Business | Aviation

AMR flight delays may benefit other carriers

Airline sees unprecedented maintenance requests from pilots

  • Bloomberg
  • Published: 14:02 September 22, 2012
  • Gulf News

  • Image Credit: Bloomberg
  • American Airlines pilots protest at O’Hare International Airport in Chicago, Illinois, on Thursday. American won approval of concessionary contracts with other labour groups while the pilot union remained a holdout. The pilots have appealed the bankruptcy judge’s decision to allow American to throw out their contract.

Dallas: American Airlines may risk having some passengers switch to other carriers as it grapples with flight delays that management blames on pilots reporting more maintenance issues on their planes.

Pilots are taking a “conservative mindset” in asking that any potential mechanical questions be resolved before flying, Tom Hoban, a spokesman for the Allied Pilots Association, said in an interview on Friday. American has cited those requests as a reason for turmoil in its schedule since September 14.

American’s 48 per cent on-time arrival rate since September 16 trails the 87 per cent at Delta Air Lines Inc. and 83 per cent at United Continental Holdings Inc., according to FlightStats.com, an industry data provider. The slowdown follows American’s voiding of its pilots’ contract last week and imposition of new terms to help the AMR Corp. unit restructure in bankruptcy.

“In the last few days, people have missed weddings and funerals because of this,” George Hamlin, president of Hamlin Transportation Consulting in Fairfax, Virginia, said in an interview. “When they go back and talk to their friends, that will ring some very emotional chords and cause some booking away for a while. Business deals may have been lost or postponed because of this.”

American apologised on Friday to top-tier members of its frequent-flier programme in an email, after posting a similar message on its website earlier this week.

Seating capacity

The airline cancelled 550 flights from September 14 through September 23 and cut capacity through October by as much as 2 per cent in response. Maintenance, reservation and airport workers have been brought on board to provide more reliable service, Michael Trevino, a spokesman, said.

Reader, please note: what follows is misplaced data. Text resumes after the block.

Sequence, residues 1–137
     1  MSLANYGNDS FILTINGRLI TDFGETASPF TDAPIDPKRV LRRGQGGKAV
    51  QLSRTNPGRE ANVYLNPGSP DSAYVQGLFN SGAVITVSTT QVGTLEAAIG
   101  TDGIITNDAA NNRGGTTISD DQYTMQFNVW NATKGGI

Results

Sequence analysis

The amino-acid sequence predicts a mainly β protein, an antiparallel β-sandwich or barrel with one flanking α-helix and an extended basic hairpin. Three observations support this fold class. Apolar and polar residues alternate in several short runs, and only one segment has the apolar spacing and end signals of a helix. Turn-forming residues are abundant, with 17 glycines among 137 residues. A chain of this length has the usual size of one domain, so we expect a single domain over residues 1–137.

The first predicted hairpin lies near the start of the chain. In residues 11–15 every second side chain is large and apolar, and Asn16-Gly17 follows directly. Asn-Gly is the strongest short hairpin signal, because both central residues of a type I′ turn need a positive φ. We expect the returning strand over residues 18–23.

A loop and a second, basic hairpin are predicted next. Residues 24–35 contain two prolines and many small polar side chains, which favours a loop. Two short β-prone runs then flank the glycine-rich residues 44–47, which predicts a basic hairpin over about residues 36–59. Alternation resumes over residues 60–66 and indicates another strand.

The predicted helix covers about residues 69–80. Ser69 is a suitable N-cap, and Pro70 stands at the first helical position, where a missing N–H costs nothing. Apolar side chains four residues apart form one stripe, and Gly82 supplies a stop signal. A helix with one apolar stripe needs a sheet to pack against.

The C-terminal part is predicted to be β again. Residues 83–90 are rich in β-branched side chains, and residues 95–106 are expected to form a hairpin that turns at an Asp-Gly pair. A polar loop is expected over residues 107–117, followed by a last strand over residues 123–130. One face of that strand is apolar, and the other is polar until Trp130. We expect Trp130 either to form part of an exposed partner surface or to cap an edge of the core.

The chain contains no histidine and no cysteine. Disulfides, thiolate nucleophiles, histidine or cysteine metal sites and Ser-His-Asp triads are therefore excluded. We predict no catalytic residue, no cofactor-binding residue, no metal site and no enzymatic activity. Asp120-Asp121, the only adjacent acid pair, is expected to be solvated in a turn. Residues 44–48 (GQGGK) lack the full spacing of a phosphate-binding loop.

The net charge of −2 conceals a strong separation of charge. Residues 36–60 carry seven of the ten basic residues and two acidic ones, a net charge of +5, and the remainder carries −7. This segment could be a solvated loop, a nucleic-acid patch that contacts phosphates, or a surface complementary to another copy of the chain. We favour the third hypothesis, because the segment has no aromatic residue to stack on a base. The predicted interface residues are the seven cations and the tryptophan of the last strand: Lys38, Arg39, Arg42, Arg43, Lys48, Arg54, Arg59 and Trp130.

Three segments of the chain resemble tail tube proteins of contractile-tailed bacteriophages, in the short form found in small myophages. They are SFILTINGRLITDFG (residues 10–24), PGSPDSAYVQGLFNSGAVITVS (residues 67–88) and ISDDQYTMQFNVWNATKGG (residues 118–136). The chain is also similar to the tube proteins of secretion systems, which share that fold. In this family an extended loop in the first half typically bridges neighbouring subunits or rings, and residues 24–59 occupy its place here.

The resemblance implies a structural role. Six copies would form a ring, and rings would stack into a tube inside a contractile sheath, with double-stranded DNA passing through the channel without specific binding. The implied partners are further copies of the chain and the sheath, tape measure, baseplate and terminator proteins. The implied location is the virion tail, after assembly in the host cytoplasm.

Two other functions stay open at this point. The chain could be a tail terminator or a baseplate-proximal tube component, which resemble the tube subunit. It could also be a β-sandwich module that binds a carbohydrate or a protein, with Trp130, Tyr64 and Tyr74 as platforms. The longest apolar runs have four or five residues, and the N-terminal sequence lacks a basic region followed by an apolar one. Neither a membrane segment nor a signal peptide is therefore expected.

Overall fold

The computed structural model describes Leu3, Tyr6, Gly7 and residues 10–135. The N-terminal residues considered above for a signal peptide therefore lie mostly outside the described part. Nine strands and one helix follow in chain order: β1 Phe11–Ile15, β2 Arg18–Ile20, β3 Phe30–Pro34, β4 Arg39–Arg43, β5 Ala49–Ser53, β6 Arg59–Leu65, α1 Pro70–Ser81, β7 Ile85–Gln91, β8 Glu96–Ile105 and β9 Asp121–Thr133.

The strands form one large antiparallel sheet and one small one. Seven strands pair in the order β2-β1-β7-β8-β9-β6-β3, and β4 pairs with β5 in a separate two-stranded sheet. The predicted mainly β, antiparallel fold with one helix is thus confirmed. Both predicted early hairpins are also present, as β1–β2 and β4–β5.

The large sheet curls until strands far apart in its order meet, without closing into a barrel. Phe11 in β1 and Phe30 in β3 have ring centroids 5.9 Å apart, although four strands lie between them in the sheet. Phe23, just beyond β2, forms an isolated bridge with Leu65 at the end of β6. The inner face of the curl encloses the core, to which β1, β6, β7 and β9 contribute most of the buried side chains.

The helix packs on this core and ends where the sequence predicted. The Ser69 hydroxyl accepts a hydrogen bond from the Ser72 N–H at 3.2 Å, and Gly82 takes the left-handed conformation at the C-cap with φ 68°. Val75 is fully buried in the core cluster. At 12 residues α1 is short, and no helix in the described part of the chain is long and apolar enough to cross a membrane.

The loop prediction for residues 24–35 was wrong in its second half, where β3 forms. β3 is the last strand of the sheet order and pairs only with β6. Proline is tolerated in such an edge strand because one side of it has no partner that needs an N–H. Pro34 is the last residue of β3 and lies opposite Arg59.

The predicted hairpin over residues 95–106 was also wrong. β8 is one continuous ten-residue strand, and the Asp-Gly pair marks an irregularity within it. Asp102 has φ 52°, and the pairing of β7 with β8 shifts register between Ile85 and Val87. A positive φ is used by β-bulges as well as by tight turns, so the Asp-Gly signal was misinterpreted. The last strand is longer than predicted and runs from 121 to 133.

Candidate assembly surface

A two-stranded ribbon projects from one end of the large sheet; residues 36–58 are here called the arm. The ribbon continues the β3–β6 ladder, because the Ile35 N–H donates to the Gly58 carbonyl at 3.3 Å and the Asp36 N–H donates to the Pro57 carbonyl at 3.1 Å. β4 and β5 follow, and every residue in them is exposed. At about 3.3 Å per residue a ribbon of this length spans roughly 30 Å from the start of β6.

Maintenance issues reported by pilots in the past few days included a main fuel tank leak, a broken wind-shear warning device and failures during flights of an engine generator and a ground-proximity warning system, the pilots’ union said in a statement.

“We can’t ignore serious maintenance issues that could easily turn into safety risks,” Keith Wilson, union president, said. “Our pilots will not compromise safety, ever.”

American follows federally-mandated maintenance programmes that include periodic inspections and procedures for addressing issues when found, Bruce Hicks, a spokesman for the carrier, said in an emailed statement.

“No one at American is questioning normal maintenance write-ups and we must ensure that our safe operations continue each and every flight,” Hicks said.

However, the carrier has recently seen “unprecedented pilot maintenance write-ups, many at the time of scheduled departure, which is having an impact on our operation.”

Options for passengers

The carrier is willing to rebook passengers, even on other airlines, or to refund fares for travellers who choose to cancel, Suzanne Rubin, president of American’s AAdvantage loyalty programme, wrote in the letter to members.

“I am truly sorry for any inconvenience to you,” Rubin wrote. “I also want to let you know what’s going on and assure you that we stand ready to help.”

Fred Lowrance, an Avondale Partners LLC analyst based in Nashville, Tennessee, cancelled an American trip and rebooked on Delta on Thursday because he was on the last flight of the day and was concerned that it would be cancelled. Lowrance said he paid about $20 more (Dh73.5) for his Delta ticket.

“Right now, I don’t know that it has had that much of an impact,” Lowrance said on Friday. “But I think on the margins, there are definitely people like me who might be thinking if all else is close, they’d probably fly someone else.”

American has also blamed the delays and cancellations on a more than 20 per cent increase in pilots calling in ill. While sick calls have increased in September compared with a year earlier, the average rate has remained fairly steady during the past 12 months, Hoban said.

“They’ve declared war on this pilot group; that’s very clear,” he said. “Because of that, you’re going to find guys who are certainly going to make operational decisions with a conservative mindset to protect their job and livelihood.”

Slashing labour costs

Cutting more than $1 billion in annual labour costs is a central pillar in American’s bankruptcy. The airline cited industry-leading labour costs as a primary reason it sought court protection on November 29.

American won approval of concessionary contracts with other labour groups while the pilot union remained a holdout. The airline began sending notices this week for about 4,400 layoffs among mechanics, baggage handlers and other airport ground workers.

No flight attendant furloughs are expected after 2,205 workers took an early-retirement offer that includes a $40,000 payment, Hicks said on Friday. American will begin recruiting new attendants later this year for what would be the first new-hire class in that group since 2001.

The pilots have appealed the bankruptcy judge’s decision to allow American to throw out their contract and on Friday they asked the judge to suspend his order while their appeal is considered.

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